- Special Reports
- Maps & Data
- Election 2014
- Dear Abby
- Games & Puzzles
- Events & Exhibits
- Food & Drink
- Arts & Music
- Movies & TV
Scores updated at the end of each quarter. Winner
A bipartisan group of senators has agreed on a set of principles for a sweeping overhaul of the immigration system, including a pathway to U.S. citizenship for 11 million illegal immigrants that would hinge on progress in securing the borders and ensuring that foreigners leave the country when their visas expire.
The senators were able to reach a deal by incorporating the Democrats' insistence on a single comprehensive bill that would not deny eventual citizenship to illegal immigrants, with Republican demands that strong border and interior enforcement had to be clearly in place before Congress could consider legal status for illegal immigrants.
Their blueprint, set to be unveiled today, will allow them to stake out their position one day before President Barack Obama outlines his immigration proposals in a speech Tuesday in Las Vegas, in the opening moves of what lawmakers expect will be a protracted and contentious debate on the issue in Congress this year.
Lawmakers said they were optimistic that the political mood had changed since a similar effort collapsed in acrimony in 2010. Sen. John McCain, R-Ariz., and one of the negotiators, said he saw "a new appreciation" among Republicans of the need for an overhaul.
"Look at the last election," McCain said Sunday morning on ABC's "This Week With George Stephanopoulos." "We are losing dramatically the Hispanic vote, which we think should be ours." The senator also said he had seen "significant improvements" in border enforcement, although he said that "we've still got a ways to go."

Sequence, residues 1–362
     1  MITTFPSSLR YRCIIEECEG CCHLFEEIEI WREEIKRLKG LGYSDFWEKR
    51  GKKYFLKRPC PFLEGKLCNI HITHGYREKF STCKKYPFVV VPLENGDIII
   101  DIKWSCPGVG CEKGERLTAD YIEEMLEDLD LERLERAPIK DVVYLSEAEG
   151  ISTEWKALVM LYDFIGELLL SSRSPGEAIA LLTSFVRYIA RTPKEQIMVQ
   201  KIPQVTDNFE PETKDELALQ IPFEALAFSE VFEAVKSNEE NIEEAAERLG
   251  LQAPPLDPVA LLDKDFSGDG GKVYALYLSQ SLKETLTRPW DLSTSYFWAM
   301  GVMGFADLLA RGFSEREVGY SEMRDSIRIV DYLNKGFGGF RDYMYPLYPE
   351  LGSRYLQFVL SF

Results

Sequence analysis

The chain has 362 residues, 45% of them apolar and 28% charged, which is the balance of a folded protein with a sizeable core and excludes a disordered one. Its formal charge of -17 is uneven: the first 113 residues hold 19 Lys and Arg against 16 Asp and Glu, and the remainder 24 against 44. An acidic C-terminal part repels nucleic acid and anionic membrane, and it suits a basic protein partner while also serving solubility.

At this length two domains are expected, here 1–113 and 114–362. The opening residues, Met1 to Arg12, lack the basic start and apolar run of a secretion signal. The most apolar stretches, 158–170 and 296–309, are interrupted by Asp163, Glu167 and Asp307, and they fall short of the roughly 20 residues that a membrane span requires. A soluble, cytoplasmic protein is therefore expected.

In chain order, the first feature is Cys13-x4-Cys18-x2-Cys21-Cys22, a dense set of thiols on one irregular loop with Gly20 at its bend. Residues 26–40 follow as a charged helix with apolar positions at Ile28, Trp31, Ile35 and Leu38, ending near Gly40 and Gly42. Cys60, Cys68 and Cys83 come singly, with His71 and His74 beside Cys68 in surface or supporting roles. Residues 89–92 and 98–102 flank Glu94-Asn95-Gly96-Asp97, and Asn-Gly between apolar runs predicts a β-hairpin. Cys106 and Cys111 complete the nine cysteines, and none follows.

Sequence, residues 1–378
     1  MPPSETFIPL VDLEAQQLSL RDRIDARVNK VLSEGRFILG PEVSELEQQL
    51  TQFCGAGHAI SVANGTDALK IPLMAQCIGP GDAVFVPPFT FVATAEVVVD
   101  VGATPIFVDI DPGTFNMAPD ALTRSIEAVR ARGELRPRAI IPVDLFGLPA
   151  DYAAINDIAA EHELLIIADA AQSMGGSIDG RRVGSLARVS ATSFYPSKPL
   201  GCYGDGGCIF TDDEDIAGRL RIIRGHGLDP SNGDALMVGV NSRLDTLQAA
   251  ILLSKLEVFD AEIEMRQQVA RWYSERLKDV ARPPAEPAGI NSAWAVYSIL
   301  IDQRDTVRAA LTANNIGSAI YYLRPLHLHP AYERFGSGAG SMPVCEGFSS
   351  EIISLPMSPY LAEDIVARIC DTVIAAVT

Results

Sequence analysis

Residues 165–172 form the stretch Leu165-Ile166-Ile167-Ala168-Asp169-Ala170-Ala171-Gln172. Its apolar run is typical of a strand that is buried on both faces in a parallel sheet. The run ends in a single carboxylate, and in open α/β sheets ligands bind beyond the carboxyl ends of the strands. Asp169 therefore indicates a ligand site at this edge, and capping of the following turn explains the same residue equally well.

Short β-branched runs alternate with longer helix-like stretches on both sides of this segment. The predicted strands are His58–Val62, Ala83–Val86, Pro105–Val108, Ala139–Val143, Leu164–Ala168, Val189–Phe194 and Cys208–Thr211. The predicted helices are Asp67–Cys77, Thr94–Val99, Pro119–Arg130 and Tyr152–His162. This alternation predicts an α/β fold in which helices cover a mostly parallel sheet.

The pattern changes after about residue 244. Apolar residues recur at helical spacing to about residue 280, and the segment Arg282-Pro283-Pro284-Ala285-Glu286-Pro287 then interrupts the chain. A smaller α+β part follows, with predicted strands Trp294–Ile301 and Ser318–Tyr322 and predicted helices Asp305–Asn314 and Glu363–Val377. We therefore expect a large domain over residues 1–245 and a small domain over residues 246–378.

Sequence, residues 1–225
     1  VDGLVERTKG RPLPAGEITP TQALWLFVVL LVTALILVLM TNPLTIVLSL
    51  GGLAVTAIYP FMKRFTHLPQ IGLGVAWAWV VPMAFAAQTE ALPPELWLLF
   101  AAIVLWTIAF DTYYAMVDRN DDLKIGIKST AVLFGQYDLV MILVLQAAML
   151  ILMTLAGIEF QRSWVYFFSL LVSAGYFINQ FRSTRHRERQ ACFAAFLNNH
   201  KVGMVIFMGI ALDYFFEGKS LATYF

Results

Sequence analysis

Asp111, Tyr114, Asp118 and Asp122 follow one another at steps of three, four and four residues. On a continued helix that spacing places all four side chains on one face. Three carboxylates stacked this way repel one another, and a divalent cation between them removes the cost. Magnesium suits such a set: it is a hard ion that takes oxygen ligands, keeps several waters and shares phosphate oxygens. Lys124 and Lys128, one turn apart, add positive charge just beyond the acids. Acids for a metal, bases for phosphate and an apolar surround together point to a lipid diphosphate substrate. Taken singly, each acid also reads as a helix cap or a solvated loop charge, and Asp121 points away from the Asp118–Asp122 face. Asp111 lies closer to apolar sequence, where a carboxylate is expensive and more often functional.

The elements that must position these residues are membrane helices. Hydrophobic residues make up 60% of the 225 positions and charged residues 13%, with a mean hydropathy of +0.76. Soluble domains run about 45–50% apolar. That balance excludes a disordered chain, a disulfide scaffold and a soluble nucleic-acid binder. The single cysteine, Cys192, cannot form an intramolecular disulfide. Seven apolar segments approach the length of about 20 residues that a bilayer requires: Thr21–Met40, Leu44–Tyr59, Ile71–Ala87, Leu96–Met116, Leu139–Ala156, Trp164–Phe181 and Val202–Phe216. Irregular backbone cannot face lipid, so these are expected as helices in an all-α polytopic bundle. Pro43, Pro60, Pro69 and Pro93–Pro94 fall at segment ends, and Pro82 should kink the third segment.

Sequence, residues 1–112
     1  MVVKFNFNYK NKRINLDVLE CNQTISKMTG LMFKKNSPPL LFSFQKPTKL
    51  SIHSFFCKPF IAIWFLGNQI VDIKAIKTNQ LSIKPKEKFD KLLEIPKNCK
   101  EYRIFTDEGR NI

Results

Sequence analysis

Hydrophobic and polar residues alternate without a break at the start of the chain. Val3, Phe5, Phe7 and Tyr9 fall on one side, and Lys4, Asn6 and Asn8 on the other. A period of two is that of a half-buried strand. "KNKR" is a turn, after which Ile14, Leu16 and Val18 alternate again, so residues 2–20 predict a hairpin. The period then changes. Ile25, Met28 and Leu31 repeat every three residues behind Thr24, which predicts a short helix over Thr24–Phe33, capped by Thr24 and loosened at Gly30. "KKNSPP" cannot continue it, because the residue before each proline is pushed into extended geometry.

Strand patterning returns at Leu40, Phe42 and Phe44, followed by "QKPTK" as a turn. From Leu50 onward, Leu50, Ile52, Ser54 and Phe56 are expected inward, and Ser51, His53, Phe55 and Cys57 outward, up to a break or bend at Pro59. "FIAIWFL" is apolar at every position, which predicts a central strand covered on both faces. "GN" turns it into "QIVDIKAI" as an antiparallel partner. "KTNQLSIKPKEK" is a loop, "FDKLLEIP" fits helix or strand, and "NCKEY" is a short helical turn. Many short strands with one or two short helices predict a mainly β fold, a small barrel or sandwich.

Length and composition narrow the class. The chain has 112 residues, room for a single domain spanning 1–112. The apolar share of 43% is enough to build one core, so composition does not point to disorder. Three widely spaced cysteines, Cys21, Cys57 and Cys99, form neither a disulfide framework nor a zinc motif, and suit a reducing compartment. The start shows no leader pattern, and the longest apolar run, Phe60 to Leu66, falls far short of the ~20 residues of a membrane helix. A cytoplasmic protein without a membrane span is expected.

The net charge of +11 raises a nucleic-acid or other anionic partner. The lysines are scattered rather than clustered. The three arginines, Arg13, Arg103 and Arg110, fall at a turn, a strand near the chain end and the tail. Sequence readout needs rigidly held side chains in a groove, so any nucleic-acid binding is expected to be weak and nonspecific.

According to a five-page draft of the plan obtained by The New York Times on Sunday, the eight senators have agreed to address the failings of the immigration system in one comprehensive measure, rather than in smaller pieces. Compared with an immigration blueprint from 2011 that White House officials have said is the basis for the president's position, the senators' proposals appear to include tougher enforcement and a less direct path for illegal immigrants than Obama is considering.
In a parallel effort, a separate group of four senators will introduce a bill this week dealing with another thorny issue: visas for legal immigrants with advanced skills in technology and science. The bill would nearly double the number of temporary visas, known as an H-1B, available each year to highly skilled immigrants. It would also free up more permanent resident visas, known as green cards, so those immigrants could eventually settle in the United States and go on to become citizens.